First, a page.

Facebook’s proposed Libra ‘cryptocurrency’ has run into further resistance, this time from a G7 taskforce. The group issued a report stating that ‘global stablecoins’, such as Libra, should not begin operation until proven safe and secure.
Libra Is A Risk To The Global Financial System
Whilst not singling out Libra specifically, the report says that ‘global stablecoins’ with the potential to ‘scale rapidly’ raise a host of potential problems. These include issues for policymakers trying to set interest rates. Until such problems are addressed then the report recommends approval for such projects should be withheld.
The G7 believe that no stablecoin project should begin operation until the legal, regulatory and oversight challenges and risks are adequately addressed
With reference to Libra, the report has concerns that Facebook could stifle competition, and that a loss of confidence in the currency could lead to financial instability.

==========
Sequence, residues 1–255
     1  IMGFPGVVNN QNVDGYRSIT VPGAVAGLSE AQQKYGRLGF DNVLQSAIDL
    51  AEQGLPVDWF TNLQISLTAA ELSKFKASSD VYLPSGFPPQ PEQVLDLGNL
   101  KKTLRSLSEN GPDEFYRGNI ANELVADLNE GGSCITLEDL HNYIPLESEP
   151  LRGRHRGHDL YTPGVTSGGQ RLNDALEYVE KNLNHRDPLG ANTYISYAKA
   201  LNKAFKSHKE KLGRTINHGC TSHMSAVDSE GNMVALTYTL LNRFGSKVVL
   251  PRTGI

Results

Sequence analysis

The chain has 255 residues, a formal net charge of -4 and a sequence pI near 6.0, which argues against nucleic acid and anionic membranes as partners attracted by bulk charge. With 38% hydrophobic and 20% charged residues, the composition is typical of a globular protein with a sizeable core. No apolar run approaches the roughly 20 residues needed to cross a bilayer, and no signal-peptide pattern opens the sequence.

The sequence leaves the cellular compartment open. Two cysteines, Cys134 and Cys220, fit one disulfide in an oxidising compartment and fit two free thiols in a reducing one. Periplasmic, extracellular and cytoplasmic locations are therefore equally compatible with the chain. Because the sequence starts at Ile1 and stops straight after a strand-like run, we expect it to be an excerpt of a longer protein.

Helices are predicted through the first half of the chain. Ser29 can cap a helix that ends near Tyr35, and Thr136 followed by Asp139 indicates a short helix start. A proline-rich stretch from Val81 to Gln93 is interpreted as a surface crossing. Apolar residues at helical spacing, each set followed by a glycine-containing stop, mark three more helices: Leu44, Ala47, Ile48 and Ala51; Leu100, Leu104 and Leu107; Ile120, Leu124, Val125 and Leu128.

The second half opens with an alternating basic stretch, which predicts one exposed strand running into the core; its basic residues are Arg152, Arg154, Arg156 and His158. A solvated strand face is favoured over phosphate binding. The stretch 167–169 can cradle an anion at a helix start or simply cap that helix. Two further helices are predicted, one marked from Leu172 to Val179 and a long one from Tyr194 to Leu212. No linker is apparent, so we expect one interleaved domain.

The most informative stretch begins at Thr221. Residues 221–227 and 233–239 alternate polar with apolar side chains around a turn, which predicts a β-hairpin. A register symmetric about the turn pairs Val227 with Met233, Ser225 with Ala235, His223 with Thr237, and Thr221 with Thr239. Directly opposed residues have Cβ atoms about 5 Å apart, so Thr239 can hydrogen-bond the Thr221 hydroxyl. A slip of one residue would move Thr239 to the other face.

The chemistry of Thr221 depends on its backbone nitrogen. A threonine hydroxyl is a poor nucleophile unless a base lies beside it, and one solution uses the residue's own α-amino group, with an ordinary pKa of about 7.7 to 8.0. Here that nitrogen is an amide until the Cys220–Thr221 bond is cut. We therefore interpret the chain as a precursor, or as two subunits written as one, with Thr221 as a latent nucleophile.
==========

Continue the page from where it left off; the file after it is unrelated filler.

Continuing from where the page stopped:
Backers Must Prevent Money Laundering
Any backers of such a ‘global stablecoins’ must be legally sound, protect consumers, and work to prevent the currency being used for money laundering or terrorism.
Even if backers address all such concerns, this is no guarantee that a stablecoin will gain regulatory approval, said the report.
Several early sign-ups to the Libra Association, have dropped out over fears of regulatory uncertainty. Payment processing giants Mastercard and Visa withdrew their support, whilst Stripe, PayPal and eBay have also pulled out.
US Senators have been sending letters to Libra backers purporting to urge caution when dealing with the project. However, the letters actually contained thinly veiled threats, that regulatory authorities will cast a closer eye on the non-Libra parts of any businesses involved.
Libra Woes Not Limited To Regulatory Resistance
Away from the regulatory scrutiny that Facebook and Libra are facing, things are still going far from smoothy.
Delaware company, Finco Services has sued Facebook, Calibra, and a logo designer over the similarity between the Calibra logo and one that it uses for its ‘Current’ mobile banking app.
The designer originally came up with a swirly tilde logo for the ‘Current’ app back in 2016, and it seems just ‘recycled’ the logo as part of the Libra branding.
Do you think Facebook’s Libra currency can be trusted? Add your thoughts below!
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